The joy of Duplicity is watching Ray Koval (Clive Owen) work with – or even against – Claire Stanwick (Julia Roberts). They are two former government agents, MI6 and CIA respectively, now employed by rival corporations.
Together, they team up to take down one of the companies working on a secret product, the secret which they will then sell to a different firm for millions of dollars. Or at least, that is the plan.
It is a clever set up, and Koval and Stanwick are intriguing characters, more so because they are former lovers. Their relationship is anything but normal. They’re former training makes everything they say a game, and the participation of the audience requires a bit of thought.
Very little of what these characters do or say is truthful in anyway. The fun is figuring out what is a game, and what is honest. Even in the end, that may not be clear.
Tony Gilroy fills Duplicity with countless conversations between the characters, relishing the opportunity for them to face off. Given the caliber of talent on display, it was a wise choice. Owen and Roberts exude chemistry on-screen, acting with charm as they slyly work around each other to reach their goal.
Unfortunately, there is a story working behind them, that of corporate politics and sabotage. For the corporation’s plot to work and be comprehensible to the viewer, it requires numerous scenes that backtrack, creating a mess of confusion about what time-period these events are taking place.
Plot twists abound, Duplicity does seem to hold together during the big reveal, although certain questions and plot holes do exist when you piece it up after the film is over. The companies go a long way to damage the others reputation, although that is the joke. Understanding why they do it is clear. Understanding how they do it is not.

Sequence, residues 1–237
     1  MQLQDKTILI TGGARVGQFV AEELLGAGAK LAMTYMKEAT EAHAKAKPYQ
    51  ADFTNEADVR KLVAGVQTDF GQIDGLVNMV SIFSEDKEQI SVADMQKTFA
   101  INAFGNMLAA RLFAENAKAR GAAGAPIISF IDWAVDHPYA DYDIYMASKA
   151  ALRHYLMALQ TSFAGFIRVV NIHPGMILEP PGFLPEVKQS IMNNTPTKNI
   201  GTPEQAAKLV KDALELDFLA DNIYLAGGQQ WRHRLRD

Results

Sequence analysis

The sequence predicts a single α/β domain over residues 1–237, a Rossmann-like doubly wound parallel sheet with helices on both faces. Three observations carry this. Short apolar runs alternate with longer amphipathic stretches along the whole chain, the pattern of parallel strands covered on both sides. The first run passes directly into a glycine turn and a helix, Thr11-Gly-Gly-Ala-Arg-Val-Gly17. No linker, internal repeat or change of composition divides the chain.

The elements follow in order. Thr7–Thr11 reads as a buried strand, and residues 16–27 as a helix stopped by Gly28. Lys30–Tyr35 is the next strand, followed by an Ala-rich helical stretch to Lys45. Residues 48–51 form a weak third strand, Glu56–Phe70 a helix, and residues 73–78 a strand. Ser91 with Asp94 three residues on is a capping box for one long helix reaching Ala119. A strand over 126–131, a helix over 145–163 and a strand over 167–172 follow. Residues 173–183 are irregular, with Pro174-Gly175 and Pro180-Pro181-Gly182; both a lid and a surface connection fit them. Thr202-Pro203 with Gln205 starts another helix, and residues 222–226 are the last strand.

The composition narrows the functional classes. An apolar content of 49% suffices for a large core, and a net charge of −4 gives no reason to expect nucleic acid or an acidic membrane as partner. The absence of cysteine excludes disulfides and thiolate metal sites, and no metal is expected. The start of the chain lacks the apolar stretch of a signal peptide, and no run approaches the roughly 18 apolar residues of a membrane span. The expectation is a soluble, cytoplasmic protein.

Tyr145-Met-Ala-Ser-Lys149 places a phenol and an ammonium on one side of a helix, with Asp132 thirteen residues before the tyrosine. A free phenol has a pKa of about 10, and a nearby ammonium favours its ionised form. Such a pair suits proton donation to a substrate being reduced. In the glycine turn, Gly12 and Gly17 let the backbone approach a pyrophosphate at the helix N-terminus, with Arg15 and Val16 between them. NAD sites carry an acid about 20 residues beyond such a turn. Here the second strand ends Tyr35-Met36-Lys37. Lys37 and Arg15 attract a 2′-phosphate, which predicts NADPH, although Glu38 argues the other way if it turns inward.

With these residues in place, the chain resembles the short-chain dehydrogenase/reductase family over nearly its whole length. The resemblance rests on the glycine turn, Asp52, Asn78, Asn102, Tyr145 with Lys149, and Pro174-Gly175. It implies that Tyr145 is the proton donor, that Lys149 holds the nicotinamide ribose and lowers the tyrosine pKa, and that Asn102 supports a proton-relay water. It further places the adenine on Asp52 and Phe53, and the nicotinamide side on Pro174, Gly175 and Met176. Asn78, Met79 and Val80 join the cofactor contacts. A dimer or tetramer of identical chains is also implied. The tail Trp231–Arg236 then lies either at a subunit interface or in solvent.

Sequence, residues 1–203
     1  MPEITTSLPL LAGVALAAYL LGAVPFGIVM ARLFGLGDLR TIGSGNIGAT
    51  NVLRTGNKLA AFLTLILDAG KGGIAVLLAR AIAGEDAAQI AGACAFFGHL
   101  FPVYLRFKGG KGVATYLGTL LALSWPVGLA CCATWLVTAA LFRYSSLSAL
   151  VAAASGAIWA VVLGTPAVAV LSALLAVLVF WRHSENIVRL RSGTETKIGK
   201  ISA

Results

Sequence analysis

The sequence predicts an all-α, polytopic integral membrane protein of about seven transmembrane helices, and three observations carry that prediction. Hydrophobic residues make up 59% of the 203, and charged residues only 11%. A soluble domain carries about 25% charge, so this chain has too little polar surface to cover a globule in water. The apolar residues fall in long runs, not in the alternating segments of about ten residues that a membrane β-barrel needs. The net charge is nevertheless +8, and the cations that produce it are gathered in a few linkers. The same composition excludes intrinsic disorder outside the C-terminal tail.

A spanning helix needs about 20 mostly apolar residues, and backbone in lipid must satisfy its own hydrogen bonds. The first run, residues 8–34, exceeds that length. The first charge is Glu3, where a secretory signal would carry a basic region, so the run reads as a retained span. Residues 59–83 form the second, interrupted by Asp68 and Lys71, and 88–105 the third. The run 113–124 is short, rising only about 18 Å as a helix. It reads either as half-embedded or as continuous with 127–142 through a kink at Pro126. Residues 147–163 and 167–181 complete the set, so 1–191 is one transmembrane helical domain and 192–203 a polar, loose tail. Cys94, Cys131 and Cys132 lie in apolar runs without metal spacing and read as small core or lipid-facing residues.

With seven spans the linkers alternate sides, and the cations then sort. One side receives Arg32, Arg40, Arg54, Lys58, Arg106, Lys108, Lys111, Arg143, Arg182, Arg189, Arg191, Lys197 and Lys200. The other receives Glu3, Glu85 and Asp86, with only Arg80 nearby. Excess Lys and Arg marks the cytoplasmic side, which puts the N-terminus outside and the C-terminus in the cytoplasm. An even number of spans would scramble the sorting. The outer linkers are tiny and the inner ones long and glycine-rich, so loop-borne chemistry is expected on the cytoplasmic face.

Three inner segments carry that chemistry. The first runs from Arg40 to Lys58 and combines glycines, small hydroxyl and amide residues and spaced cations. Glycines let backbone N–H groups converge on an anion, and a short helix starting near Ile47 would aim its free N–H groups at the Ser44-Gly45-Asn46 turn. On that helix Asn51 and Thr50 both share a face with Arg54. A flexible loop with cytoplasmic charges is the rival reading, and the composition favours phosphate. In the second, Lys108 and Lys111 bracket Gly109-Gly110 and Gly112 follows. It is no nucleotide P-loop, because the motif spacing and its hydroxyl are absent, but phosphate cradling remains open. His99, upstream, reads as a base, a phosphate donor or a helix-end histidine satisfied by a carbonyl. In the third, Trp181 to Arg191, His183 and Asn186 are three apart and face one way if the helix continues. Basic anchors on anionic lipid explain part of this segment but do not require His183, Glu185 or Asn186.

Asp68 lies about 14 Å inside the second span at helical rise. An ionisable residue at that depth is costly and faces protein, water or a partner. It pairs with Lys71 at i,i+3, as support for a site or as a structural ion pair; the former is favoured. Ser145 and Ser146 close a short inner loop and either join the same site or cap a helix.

Duplicity comes to Blu-ray in a fine, clear VC-1 encode. Contrast is nicely put up against deep, rich black levels. Whites intentionally bloom during a trip to Miami, the only time they are out of control or washed out.
Flesh tones waver between natural and unnatural, although more often than not, they’re fine. Unobtrusive, minor ringing is briefly a problem during a speech delivered by Tom Wilkinson to his employees about his company’s upcoming secret reveal.
Sharpness is consistent, and detail is high with minor drops. Textures are clean and pure. Light film grain sits over the image, and no abusive digital processing has been applied.
Duplicity is dialogue driven, but still likes to show off. Ambiance is excellent, particularly as the characters move through New York. This DTS-HD mix is superb in following random traffic through the streets. Police cars are heard blaring sirens in all channels, and taxis honk their horns.
This all done without drowning out or overshadowing dialogue. A casino late in the film delivers the same immersive effect cleanly.
A commentary from writer/director Tony Gilroy and his brother/producer/editor John Gilroy is the only feature inside the extras menu. Generic BD-Live support takes the user to the usual splash page.